Music Business

Songwriting: The Easiest Of The Arts (Part 2)


Songwriting: The Easiest Of The Arts (Part 2)
Hear Me Out

Posted by Charlie Recksieck on 2023-10-03
Last week we started to detail why songwriting might be the easiest of the arts. Or at least the fastest.

With no further ado, here is the exciting conclusion.

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Elton John

Here's another view of how breezy songwriting can be. Elton John has routinely bragged about how fast he can compose (does anybody remember his appearance on "Inside The Actor's Studio" demonstrating this?).

On the double album Goodbye Yellow Brick Road, they knocked out a song per day in this fashion. Lyricist Bernie Taupin would send lyrics in the morning from his country home (via some primitive fax). Elton would noodle with it in the studio for about 30-60 minutes and come up with the structure of the song. The band would run through it several times til they had something. Then around Noon the live track most of the song as best they could. Elton would record his lead vocal around 2 or 3. Then he'd head down to the pub while the band stayed behind and tracked the background vocals. Voila! By 5pm they'd have another classic track. They did this for about 20 straight days and came up with one of the most seminal albums of all time.

Seriously, watch the old VH1 Classic Albums documentary on this on Amazon Prime - It's incredible.

My Own Experience

I myself love the quick route for songs. Some of the best known and enduring Bigfellas songs "Moving Day" and "I Wish That I Were Gay" were each written in about 30 minutes. An hour total of effort has led to bows, compliments and thank yous for the 15 years since.

For years I wanted to write a well-researched magazine article on spec detailing all of the things that man has left on the moon during the Apollo lunar missions. Well, getting an in with magazine publishers, doing research and writing clean, exciting prose is hard. It was a lot easier to just write four dopey verses about space trash in our song "Stuff On The Moon".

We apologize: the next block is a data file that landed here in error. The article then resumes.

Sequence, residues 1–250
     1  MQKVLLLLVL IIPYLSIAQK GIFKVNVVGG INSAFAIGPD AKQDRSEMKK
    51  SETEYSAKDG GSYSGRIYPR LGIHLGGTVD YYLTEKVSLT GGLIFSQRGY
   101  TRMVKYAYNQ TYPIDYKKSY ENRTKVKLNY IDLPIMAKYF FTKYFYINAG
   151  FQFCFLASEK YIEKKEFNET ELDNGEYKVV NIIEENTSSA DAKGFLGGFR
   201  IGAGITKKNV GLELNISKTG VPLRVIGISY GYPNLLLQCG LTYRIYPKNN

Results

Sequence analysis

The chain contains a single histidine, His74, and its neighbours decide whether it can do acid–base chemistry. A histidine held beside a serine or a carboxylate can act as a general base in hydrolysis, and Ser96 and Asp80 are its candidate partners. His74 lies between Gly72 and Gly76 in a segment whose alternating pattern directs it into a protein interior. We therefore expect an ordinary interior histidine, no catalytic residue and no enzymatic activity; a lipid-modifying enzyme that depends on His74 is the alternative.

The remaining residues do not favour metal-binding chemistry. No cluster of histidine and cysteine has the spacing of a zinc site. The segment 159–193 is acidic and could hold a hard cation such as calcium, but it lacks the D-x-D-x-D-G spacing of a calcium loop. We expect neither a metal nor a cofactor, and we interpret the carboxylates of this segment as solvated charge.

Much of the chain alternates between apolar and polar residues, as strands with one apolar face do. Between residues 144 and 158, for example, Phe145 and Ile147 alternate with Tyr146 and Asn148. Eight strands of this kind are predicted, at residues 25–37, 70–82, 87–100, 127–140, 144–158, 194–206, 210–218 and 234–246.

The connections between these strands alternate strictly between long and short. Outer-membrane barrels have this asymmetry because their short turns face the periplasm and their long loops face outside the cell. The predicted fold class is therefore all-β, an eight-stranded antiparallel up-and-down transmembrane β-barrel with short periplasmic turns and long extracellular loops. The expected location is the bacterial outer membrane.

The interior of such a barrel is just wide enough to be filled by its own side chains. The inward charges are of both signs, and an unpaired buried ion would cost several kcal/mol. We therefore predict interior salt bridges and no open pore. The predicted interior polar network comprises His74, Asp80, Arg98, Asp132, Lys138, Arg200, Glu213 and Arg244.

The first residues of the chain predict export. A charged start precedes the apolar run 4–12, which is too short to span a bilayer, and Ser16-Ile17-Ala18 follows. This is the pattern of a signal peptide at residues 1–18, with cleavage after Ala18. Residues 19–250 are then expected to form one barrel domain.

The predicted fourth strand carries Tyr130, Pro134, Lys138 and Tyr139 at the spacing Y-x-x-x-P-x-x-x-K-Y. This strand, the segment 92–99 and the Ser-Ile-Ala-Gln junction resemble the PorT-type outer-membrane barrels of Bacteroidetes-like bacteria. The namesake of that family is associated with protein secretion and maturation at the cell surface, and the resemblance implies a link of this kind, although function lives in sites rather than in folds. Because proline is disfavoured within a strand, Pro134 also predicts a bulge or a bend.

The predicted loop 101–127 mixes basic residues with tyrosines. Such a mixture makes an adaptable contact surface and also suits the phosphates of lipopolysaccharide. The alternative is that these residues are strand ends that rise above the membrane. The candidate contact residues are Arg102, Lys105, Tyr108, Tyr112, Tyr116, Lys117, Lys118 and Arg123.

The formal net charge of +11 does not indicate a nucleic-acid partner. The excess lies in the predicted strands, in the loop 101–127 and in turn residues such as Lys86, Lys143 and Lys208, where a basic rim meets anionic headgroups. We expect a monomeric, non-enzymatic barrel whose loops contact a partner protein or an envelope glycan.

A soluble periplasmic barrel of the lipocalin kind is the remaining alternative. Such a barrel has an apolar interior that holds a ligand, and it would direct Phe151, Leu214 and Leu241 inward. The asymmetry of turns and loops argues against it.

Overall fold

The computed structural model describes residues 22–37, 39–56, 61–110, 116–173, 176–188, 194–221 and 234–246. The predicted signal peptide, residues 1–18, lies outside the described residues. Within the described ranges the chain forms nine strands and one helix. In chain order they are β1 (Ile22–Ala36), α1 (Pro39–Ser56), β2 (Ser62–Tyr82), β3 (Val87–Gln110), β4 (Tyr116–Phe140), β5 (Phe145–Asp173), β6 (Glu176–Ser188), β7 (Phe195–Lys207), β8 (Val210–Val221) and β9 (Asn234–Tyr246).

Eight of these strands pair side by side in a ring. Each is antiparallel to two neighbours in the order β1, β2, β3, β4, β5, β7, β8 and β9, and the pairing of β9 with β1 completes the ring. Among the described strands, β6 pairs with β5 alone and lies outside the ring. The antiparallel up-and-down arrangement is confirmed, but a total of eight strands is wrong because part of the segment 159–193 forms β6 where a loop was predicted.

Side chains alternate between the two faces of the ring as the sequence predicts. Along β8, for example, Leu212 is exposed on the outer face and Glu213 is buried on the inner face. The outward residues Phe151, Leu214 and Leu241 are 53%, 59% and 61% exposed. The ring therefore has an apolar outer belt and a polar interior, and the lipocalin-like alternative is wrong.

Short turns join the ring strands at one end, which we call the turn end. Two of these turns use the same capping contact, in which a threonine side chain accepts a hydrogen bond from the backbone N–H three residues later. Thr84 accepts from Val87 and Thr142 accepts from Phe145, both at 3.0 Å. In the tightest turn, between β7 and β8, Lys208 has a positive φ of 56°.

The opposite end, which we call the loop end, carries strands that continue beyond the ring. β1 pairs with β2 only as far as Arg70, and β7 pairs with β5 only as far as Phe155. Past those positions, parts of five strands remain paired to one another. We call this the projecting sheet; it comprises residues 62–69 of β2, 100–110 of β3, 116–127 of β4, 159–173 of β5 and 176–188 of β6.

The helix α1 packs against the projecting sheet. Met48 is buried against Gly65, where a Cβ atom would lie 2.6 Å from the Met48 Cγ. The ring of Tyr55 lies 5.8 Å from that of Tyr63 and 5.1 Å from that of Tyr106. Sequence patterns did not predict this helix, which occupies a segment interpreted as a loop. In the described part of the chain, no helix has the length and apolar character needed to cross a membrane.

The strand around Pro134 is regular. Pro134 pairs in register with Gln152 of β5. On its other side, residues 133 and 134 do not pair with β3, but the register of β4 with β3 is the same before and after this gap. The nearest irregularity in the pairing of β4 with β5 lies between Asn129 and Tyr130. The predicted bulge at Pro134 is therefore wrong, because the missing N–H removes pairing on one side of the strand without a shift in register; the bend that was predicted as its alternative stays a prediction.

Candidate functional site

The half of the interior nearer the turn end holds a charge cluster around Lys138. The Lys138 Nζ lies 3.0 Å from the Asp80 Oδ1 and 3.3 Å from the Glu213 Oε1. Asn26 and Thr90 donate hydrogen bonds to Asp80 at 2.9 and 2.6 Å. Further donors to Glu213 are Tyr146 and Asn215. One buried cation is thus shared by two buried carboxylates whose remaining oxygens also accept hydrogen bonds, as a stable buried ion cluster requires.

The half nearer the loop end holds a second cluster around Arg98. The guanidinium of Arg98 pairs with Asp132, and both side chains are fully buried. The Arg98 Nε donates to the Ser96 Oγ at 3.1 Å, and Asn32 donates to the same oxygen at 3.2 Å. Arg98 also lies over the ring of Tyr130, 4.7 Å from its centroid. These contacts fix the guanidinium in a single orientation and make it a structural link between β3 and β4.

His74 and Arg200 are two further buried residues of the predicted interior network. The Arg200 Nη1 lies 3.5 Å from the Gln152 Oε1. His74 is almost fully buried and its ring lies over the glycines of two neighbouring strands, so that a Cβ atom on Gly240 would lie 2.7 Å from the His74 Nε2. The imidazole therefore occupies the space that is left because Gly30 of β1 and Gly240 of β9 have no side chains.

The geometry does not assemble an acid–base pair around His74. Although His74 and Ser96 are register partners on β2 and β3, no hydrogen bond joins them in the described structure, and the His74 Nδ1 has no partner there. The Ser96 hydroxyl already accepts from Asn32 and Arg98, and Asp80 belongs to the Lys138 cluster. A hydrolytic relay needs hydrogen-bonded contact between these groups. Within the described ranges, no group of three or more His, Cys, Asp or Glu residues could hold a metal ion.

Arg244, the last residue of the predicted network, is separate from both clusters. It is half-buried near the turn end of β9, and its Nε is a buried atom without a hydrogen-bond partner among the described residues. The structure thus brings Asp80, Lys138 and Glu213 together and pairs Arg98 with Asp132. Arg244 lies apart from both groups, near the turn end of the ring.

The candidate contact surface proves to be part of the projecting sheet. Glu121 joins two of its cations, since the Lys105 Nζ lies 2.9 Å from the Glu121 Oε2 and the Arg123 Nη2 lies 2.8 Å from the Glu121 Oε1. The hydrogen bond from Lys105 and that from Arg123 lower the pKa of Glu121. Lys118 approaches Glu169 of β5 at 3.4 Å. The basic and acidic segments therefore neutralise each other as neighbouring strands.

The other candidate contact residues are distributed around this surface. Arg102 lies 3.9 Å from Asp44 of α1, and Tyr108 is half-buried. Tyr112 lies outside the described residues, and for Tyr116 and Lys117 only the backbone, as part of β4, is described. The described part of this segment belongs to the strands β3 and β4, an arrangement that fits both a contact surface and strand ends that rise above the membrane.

Yes, some songs take painstaking songwriting efforts. Spud Davenport and I wrote the end of the world lyrics for "LawnChairs" over a long period of time to solve the lyrical puzzle and internal rhyme scheme. We are finally recording and releasing our faux Beach Boys epic "Senor Amor" next year after years of small steps. Some scraps words for potential songs sit in my notes file for years waiting to be plucked out, just as some of my phone voice memos of melodies and chords are just sitting around.

But almost always, the fastest-written songs are the best. You can't say that about any great novel.

The Takeaway

While it’s not accurate to universally label songwriting as "easy", it can be "fast". You really don't need too many words to make up a song, and if you've got a great melody but no words to match it - it's the only form of expression where it's viable to just say "La la la la la"; even great songs do it - consider the chorus of Simon & Garfunkel's "The Boxer."

You don't always have to tell a story. You don't have to have a beginning, middle and end. You can write what you feel, or write from a character's perspective, or you can just string dadaesque words together like Talking Heads or Beck. You can just express an emotion. Look at the words to Donna Summer's "Hot Stuff". It's idiotic but the song is great.

Whoever wrote the words "Do the hustle" and "do it" in the Van McCoy and The Association's "The Hustle" actually wrote lyrics to a song. Not impressive on their own but they are lyrics.

Similarly, do you HAVE to have a bunch of chords to make a hit song. Listen to "Coconut" by Harry Nilsson, "Low Rider" by War, "Chain Of Fools" by Aretha Franklin or "Manning Boy" by Muddy Waters. There is nothing going on that you would recognize as great on the sheet music - yet they all sound terrific.